Top 3 Best Practices for Complying with the Development Safety Update Report (DSUR)



Andrea Charles
01/06/2011

Pilar Carrero, Director of Safety Medical Writing at Novo Nordisk, joined Pharma IQ to discuss the impact social media has had on drug safety and risk management and the dawn of a new era for pharmacovigilance. To listen to the podcast go to Message from the Regulators: Pharmacovigilance to Move Heavily into Risk-Benefit Assessment.

Pharma IQ:
What regulatory concerns are pharma currently facing?

P Carrero: Many, I would say. From my perspective, at least, the main thing is the lack harmonisation between the different regulatory agencies; that creates redundant work for us and very unclear directions of how to approach our deliverables for them. There are a number of other concerns with privacy data; now they also want to make our information more accessible to patients and that can create a number of issues. So yes, in general, the lack of harmonisation; I think it creates confusion and redundant work.

Pharma IQ: What are the challenges of complying with the Development Safety Update Report (DSUR)?

From my point of view, I think, again, is the lack of harmonisation. So far only the European authorities have adopted ICH E2F. FDA considers it a guideline but has not pronounced itself about what to do. And Japan has said absolutely nothing. So the principle of ICH is very good; to have one document that will inform all authorities globally. However, when it comes to reality that is not the case; the agencies cannot really make it happen. So that's going to be a challenge, again, because, most likely, for a period we are going to be producing a number of documents for the different agencies.

Pharma IQ: How do think that DSUR will change with the EU Pharma package?

P Carrero: Well, we don't know because the DSURs will be implemented next year, by September 2011 and there is no... we don't know if with the Pharma package, they would like us to make these documents public or write some parts of it at least in lay language so patients can understand the information that the document contains. At the moment it's a big question mark, I would say.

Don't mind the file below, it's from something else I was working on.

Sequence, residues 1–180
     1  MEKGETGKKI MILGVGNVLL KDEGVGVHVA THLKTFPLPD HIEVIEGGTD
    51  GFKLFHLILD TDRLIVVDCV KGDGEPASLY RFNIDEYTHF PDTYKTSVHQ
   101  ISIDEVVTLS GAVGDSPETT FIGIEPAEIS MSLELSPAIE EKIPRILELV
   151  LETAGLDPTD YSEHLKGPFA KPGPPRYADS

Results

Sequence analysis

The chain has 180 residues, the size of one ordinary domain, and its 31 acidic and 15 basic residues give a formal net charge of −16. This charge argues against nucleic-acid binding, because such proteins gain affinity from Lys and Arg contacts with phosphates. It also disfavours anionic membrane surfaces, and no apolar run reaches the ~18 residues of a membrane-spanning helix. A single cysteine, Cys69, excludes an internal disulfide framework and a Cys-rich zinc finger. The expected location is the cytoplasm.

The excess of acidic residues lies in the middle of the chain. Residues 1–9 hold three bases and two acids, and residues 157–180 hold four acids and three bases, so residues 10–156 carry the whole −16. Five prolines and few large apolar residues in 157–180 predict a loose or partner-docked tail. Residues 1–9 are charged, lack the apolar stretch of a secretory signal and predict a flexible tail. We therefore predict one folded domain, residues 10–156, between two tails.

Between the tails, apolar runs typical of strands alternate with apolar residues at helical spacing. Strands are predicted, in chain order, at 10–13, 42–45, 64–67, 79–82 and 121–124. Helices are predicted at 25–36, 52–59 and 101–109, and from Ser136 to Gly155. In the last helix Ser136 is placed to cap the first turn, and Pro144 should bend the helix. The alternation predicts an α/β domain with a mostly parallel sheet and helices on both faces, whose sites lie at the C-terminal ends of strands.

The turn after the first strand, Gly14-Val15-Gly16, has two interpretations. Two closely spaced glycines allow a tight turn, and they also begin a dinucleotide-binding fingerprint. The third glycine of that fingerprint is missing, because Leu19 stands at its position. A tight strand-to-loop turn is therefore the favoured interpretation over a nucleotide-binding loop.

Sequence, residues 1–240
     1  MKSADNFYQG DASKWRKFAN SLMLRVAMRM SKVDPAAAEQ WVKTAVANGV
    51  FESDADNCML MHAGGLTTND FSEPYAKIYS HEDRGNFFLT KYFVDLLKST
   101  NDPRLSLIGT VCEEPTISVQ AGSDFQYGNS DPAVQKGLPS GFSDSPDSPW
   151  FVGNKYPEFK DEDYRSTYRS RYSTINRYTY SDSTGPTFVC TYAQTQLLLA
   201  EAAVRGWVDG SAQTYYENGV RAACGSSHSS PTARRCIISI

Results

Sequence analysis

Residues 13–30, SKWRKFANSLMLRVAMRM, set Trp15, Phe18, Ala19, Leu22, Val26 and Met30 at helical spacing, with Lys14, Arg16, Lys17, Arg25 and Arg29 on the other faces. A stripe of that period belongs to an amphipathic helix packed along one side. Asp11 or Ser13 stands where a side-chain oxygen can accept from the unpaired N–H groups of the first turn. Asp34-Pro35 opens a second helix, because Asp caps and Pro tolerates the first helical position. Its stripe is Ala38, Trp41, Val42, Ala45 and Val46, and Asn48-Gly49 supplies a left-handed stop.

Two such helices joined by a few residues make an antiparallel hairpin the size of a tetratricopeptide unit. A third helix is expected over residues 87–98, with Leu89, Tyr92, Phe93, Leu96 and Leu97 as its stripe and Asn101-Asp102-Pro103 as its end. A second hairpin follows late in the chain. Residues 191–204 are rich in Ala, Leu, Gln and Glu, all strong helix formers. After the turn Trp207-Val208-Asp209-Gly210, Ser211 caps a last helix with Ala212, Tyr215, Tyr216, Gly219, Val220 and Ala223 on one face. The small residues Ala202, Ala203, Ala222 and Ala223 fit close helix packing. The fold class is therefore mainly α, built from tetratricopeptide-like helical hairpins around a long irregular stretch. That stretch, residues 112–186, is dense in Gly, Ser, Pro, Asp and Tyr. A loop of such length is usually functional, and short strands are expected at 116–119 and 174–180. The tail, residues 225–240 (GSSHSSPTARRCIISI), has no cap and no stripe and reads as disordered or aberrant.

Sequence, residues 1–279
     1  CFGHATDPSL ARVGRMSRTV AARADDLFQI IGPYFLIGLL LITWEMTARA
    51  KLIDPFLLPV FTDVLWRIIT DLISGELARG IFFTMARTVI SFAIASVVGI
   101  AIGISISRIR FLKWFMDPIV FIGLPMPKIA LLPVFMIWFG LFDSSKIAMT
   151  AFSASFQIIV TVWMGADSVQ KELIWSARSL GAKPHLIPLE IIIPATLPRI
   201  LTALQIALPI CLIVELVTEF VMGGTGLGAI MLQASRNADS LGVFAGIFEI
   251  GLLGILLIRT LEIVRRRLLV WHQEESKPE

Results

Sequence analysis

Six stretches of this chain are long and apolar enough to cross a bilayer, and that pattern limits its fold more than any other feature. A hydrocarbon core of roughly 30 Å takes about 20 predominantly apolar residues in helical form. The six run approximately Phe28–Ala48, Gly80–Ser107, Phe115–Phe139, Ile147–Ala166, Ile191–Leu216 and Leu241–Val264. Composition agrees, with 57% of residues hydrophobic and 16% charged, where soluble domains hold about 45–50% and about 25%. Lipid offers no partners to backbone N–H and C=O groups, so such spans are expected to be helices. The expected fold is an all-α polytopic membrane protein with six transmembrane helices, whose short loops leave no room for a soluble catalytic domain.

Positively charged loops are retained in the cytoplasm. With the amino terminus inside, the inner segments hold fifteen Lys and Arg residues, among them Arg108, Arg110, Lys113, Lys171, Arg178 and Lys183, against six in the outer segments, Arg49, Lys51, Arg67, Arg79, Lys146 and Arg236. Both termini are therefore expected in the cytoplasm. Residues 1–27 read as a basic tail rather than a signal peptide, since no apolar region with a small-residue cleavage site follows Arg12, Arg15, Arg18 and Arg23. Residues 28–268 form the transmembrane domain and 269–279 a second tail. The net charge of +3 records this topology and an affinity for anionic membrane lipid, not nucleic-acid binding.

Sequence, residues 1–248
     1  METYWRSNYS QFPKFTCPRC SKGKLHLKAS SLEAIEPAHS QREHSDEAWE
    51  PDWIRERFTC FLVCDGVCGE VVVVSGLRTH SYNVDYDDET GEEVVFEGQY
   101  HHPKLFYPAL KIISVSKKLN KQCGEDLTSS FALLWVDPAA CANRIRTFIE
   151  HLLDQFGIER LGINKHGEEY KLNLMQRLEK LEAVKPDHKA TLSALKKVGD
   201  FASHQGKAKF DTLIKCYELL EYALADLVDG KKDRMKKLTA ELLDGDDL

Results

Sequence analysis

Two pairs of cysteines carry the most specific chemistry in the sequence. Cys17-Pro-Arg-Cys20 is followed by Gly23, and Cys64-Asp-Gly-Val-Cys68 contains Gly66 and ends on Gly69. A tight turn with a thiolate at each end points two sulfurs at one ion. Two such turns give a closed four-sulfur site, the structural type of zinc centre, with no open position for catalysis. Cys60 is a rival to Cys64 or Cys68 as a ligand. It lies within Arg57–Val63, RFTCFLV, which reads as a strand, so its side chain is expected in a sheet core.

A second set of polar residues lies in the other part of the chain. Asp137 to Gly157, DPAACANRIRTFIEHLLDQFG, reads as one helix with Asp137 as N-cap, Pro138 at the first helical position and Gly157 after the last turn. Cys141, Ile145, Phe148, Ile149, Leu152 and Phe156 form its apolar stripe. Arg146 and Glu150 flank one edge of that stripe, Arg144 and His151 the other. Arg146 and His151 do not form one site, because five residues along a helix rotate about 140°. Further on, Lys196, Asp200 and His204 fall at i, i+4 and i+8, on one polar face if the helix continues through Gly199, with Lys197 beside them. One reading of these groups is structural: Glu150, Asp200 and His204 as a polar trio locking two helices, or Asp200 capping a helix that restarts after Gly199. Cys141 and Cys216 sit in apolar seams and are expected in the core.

Pharma IQ: What would be your top three tips for the best practice strategy to complete the DSUR?

P Carrero: I would say, the very first one, based on our own experience is that any pharmaceutical company needs to have a very good IT strategy. All the databases containing all the relevant information in the different areas of the company need to be thought through very well so the information is not sitting in too many different systems. That creates a very complicated process to put it together. That would be the first one, the IT strategy. Number two; have a very clear starter project that will help establish in a robust process well ahead of implementation of the document. And number three; have a very good communication and rollout strategy within the company and the organisation since this document is very cross functional.

Pharma IQ:
What would you say are the key steps necessary to optimise your pharmacovigilance activities?

P Carrero: Once again, IT systems. I think most large pharmaceutical companies have developed over time a number of IT systems that don't necessarily talk to each other, and that creates already complicated processes. And definitely we need to become a lot more proactive in our activities instead of just trying to react when the problems arise. We need to use the risk management plans as a tool for our pharmacovigilance activities and not just as a bureaucratic tool.

Pharma IQ: What impact, would you say, has the rise of social media had on drug safety and risk management?

P Carrero: A very big one because companies don't know what to do about it. If we become aware of the side-effects of our drugs in these social media, we need to report them to authorities. However, social media also contains very unspecific information so the quality of those cases is, I would say, very questionable. I think that it can blur the picture more and can create a lot of noise in the databases. And the authorities at the same time are asking us to provide very good safety information in our cases. So, the two things don't go hand-in-hand together. And that is one of the main challenges; should we be screening for everything and then, if we do, what's the value of it?

Pharma IQ: How do you see pharmacovigilance changing after 2012 and do you think we are entering a new era of drug safety?

P Carrero: Absolutely, I think it's quite clear. From the regulatory agencies the message is very clear; pharmacovigilance is going to move heavily into risk-benefit assessment instead of just pure description of the side-effects we receive. So we will have to do a much more proactive approach to pharmacovigilance, use risk management during our development programme as a tool to develop our development programme, and also to create comprehensive post-authorisation commitments that would give us the information we need to ensure the safe use of the drugs. So, definitely... I believe we are entering a new and exciting era. 

Interview conducted by: Andrea Charles